The link for the IBM article can be found here:



  1. I believe the definition of strategy the “alignment of resources and capabilities to win in the market” is an efficient one. I totally agree on your observation that having a diverse background adds very much into the whole cycle from understanding through implementation. In support of these views, it is a must that strategy has to be generated and owned not by only a few top-seated people but the whole organization. This widely-known but seldom-ignored fact could make a winning point, or, if you like, a differentiator.

    Comment by Ersin Eker — October 18, 2009 @ 11:25 pm

    • Thanks for reading and commenting Ersin. Out of curiosity, which aspects of having a diverse background do you think are the most helpful to have? What kind of experiences, roles, involvement or other aspects would be key in creating a great differentiating factor?

      Comment by Whit — October 24, 2009 @ 1:14 am

  2. Whit,

    Good thoughts on what strategy is as well as examples. For me the major part of strategy is strategy implementation, numerous studies and countless outcomes show that there is a real Jekyll and Hyde relationship when it comes to strategy and its benefits. This is primarily because the implementation of most strategic plans is not overly successful on a percentage basis.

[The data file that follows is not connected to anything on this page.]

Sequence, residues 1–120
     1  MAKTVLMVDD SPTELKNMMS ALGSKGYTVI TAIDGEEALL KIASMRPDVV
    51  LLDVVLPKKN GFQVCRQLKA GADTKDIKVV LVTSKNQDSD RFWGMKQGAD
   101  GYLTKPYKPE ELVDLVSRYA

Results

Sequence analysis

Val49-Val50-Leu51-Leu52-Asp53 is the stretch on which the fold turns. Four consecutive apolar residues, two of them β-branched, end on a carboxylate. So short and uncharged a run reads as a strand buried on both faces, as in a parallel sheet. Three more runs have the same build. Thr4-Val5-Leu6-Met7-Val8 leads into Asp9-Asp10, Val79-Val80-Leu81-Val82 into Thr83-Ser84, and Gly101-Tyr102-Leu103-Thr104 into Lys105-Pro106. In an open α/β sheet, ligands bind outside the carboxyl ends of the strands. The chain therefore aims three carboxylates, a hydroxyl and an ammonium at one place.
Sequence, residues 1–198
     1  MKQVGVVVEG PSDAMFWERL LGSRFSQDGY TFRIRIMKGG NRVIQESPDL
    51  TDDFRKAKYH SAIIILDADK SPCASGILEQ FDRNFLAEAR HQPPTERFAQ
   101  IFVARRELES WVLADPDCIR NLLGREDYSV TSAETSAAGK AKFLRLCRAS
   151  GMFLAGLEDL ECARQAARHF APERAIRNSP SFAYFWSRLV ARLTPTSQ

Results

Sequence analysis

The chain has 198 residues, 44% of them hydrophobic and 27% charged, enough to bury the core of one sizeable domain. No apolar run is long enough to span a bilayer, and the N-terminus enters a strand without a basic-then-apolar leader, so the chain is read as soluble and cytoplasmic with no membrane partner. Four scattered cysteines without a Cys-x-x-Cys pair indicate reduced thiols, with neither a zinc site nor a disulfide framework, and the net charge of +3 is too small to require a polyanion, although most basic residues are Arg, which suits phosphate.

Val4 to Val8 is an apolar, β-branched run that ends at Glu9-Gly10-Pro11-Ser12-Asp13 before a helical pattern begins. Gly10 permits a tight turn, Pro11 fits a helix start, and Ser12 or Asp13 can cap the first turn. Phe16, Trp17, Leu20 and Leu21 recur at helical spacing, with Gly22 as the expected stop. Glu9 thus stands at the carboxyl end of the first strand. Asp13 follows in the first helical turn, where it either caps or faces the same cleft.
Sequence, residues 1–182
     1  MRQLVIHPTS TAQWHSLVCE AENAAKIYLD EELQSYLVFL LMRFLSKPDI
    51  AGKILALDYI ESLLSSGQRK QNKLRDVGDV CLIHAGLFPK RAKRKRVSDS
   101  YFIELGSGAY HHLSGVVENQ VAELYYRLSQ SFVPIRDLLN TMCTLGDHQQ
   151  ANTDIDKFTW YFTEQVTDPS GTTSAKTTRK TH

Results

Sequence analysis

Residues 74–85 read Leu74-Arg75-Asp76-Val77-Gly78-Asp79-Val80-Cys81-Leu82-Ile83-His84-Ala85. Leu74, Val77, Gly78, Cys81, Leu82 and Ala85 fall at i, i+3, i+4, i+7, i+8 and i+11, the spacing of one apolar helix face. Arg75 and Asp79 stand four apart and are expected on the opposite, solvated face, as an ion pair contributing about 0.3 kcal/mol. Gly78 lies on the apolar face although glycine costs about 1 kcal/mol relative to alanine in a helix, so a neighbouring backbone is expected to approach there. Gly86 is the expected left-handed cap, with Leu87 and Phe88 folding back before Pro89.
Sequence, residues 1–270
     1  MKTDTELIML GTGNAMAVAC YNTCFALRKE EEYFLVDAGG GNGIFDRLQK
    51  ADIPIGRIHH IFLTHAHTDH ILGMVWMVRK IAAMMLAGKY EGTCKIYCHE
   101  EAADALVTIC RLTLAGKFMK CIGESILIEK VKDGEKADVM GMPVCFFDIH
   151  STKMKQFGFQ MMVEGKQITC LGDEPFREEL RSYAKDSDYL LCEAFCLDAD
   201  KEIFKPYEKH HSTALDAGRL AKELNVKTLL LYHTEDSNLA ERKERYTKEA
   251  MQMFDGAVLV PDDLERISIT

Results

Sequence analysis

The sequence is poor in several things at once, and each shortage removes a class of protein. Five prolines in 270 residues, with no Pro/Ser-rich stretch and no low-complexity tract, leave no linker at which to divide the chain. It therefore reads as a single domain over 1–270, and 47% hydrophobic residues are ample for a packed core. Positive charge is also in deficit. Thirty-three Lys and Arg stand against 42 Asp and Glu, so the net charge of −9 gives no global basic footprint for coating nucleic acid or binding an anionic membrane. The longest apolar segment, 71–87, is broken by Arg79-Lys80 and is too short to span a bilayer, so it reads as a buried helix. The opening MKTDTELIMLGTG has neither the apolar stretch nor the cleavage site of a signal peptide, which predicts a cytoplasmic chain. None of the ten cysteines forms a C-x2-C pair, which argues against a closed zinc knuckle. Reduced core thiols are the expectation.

In our business we have focused on moving from a strategic plan directly to specific actions and have created our own manifesto on the subject: This manifesto has become the backbone of our strategic planning implementation product called RapidInfluence I’d be interested in seeing your thoughts on the implementation side of strategy.


    Ed Loessi

    Comment by Ed Loessi — October 20, 2009 @ 1:35 pm

    • Thanks for reading and commenting Ed. It’s very true that implementing a strategy is a very major aspect of it. I’ve heard that as much as 70% of consulting projects fail. Strategy is vital to an organization and the manner that it is implemented can have lasting effects whether they be good or bad for the organization.

      I do have future blog posts on implementing strategy and other projects. Generally speaking, I see that engaging and following through with stakeholder groups as a key aspect of that. The effectiveness and timing of that often reflects how well the intentions of a strategy or other vision are carried out. In implementing strategy, I see Organizational Development techniques as an effetive means to get the job done. Whole systems involvement, root cause analysis and more are some points that I plan on writing about in the future. Stay tuned!

      Comment by Whit — October 24, 2009 @ 1:21 am

  3. Ooh it’s nice
    That’s what I was looking for to read
    It’s awsome to know and read it
    thanks you!

    Comment by Maria Caol — March 28, 2010 @ 8:17 pm

    • Hi Maria,

      Thanks for reading and commenting! I’m glad that this was a helpful article to you.

      Kind regards,

      Comment by Whit — March 28, 2010 @ 8:31 pm